Basic Security Testing with Kali Linux Giveaway Contest

Want a chance to get a signed copy of my latest Kali Linux book? I am giving away a total of 10 signed copies of “Basic Security Testing with Kali Linux, 3rd Edition”!

Simply follow, like and share this article, or my official Twitter or Instagram announcement, for a chance to win a signed copy of my new book!

10 lucky winners will be randomly selected on October 31st.

The Contest is for those living in the United States only. I may do another one for international readers in the future.

Liking this article & sharing the Official Contest announcements on Twitter and Instagram will increase your chances of winning.  Winners will be notified on October 31st. If a winner cannot be notified or does not respond by the end of the first week of November, another winner will be picked.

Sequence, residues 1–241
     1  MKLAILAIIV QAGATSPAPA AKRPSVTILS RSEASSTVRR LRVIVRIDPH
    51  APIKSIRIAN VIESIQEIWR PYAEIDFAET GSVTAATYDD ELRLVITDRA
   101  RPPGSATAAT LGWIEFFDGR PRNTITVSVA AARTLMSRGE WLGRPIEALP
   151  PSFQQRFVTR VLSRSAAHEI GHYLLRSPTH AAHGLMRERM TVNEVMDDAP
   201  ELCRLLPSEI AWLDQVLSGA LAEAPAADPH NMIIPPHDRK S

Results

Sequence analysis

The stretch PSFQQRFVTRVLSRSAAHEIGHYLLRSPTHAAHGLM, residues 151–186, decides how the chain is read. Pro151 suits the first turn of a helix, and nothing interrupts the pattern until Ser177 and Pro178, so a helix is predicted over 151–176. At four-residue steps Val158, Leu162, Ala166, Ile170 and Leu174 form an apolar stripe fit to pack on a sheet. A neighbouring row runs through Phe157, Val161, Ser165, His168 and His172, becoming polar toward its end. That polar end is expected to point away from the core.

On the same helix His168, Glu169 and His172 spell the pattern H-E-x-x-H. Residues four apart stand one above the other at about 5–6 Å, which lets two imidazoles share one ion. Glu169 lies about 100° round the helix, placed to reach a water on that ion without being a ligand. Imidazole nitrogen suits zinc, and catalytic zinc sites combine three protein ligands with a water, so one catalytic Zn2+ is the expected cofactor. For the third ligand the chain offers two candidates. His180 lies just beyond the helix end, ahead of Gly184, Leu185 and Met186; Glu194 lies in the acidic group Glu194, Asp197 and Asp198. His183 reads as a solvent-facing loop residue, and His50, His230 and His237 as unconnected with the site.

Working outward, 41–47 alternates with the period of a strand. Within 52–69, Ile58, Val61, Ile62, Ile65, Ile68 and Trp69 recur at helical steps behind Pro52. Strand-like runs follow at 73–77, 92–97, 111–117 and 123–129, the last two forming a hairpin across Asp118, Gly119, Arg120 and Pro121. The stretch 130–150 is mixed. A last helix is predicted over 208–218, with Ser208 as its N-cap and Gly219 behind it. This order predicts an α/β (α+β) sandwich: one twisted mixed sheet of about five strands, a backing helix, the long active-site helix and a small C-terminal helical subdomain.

Good luck!

 

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Book Errata & Updates

List of Updates and Bug Fixes for “Basic Security Testing with Kali Linux, 3rd Edition”:


Webdelivery PowerShell Reverse_tcp Shell not Working


There is currently a Metasploit WebScript PowerShell issue in 2018.3 that prevents the reverse_tcp shell from being created.

Recommended Fix – Download and use Kali Linux 2018.2 for the book.

The Image for 2018.2 can be found at https://cdimage.kali.org/kali-images/kali-2018.2/. Note: If you update 2018.2, it will pull down the current version that has the bug.

The effected Metasploit versions seem to be Framework v4.17.5-dev through Framework v4.17.9-dev. Earlier versions work fine. Both Kali Linux and Metasploit have been notified of the issue.